The skies were grey and a large cloud hung low, threatening to burst. My boys were antsy for an activity, and I’d already throughly explored the antique mall while they played laser tag the day before. My parents suggested we make a trip down to Dover, Ohio to visit the Warther Museum. Ernest “Mooney” Warther was a master woodcarver who made over 200 models of trains in his lifetime yet made his living making hand crafted cutlery. Knives were involved; the boys were in.
Passion was something that Warther embodied. Whether whittling small pliers to give to children, postcards, or link chains, his knife was never out of his hands. But trains were what made him tick. Painstakingly done to scale, he was a mathematical genius making all his models not only exactly to scale but with all moving parts. His greatest masterpiece, the 1933 Great Northern locomotive, has 7,752 pieces – all carved by hand. He carved 50 models for a traveling show that ended up at Grand Central Station in NYC for several months after the trip across the states. Train engineers were flabbergasted at the precise measurements to scale. Locomotive executives offered to buy the exhibit for a staggering sum, but Mooney turned down the offer, wanting to keep his work together. He had been making kitchen knives for his mother and her friends, and decided that this was how he would make his money. His wife Freida, was also full of passion. While Mooney whittled away, she created artwork from her collection of 73,000 buttons. Her entire studio is covered from floor to ceiling with her geometric designs. My years as a fashion designer has left me with a love of buttons…..along with a respect of what it takes to sort through and organize them. I still have dreams about buttons: pearl buttons, gold buttons, horn buttons, DTM buttons, boxes and boxes and boxes of buttons.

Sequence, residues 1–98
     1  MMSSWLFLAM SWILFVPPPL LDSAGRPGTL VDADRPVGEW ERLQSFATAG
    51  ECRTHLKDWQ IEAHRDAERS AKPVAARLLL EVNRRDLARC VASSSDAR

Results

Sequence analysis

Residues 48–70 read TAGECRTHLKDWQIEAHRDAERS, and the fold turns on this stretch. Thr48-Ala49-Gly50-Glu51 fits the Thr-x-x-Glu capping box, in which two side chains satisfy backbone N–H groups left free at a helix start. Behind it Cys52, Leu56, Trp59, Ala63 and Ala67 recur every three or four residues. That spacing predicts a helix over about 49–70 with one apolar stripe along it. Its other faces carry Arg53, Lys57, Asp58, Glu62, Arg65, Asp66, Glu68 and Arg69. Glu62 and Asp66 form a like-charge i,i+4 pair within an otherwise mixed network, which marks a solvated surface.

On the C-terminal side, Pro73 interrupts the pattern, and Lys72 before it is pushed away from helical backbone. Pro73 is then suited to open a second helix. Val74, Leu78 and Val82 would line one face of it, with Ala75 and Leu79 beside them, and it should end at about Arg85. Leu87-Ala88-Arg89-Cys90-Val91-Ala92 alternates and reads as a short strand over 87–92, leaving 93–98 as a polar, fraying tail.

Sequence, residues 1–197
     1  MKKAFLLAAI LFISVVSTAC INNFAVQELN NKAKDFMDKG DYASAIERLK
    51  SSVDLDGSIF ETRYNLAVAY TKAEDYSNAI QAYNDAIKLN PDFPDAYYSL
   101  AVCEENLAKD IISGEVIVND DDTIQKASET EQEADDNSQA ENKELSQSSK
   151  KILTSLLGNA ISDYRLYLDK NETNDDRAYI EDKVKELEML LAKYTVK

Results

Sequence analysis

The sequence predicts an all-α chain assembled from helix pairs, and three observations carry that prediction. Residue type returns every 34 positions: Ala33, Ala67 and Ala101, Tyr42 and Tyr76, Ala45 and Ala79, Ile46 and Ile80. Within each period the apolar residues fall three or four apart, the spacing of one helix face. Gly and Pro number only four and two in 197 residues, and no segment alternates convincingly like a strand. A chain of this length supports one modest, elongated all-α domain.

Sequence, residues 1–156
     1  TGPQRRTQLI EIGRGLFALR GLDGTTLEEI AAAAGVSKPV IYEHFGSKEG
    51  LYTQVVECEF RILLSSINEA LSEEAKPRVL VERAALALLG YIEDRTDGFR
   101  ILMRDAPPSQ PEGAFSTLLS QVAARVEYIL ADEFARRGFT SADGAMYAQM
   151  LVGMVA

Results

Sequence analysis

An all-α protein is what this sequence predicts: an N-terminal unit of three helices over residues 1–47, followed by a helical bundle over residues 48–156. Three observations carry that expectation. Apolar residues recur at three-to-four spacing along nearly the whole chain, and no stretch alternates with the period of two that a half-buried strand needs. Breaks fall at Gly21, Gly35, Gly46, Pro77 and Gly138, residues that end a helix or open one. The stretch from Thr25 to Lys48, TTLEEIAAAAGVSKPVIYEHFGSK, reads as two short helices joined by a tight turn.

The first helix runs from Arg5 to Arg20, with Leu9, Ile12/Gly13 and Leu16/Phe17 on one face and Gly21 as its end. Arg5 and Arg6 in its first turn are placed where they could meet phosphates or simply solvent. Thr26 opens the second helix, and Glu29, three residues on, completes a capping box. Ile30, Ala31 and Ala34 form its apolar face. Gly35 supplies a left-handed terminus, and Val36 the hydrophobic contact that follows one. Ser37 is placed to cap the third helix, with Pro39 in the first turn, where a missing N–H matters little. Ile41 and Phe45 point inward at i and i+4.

Yet Frieda didn’t stop there. She also decided that Mooney’s workshop could use some tidying up and took it upon to organize his arrowhead collection. Found on their property and in the neighboring vicinity, she lovingly created art using the arrowheads that he could enjoy as he worked in his woodshop.
The Warthers both lived their lives to the fullest following their very unique passions and in the process created brilliance from the mundane. Although I believe my button collection will be happiest left in the boxes they now call home, I’m inspired to take a closer look at my life to see where I can explore, unbutton, and bring to light that very unique part of me.
Dedicated to Marni M., who never complained as she sorted through the hundreds of boxes of buttons at the office for me.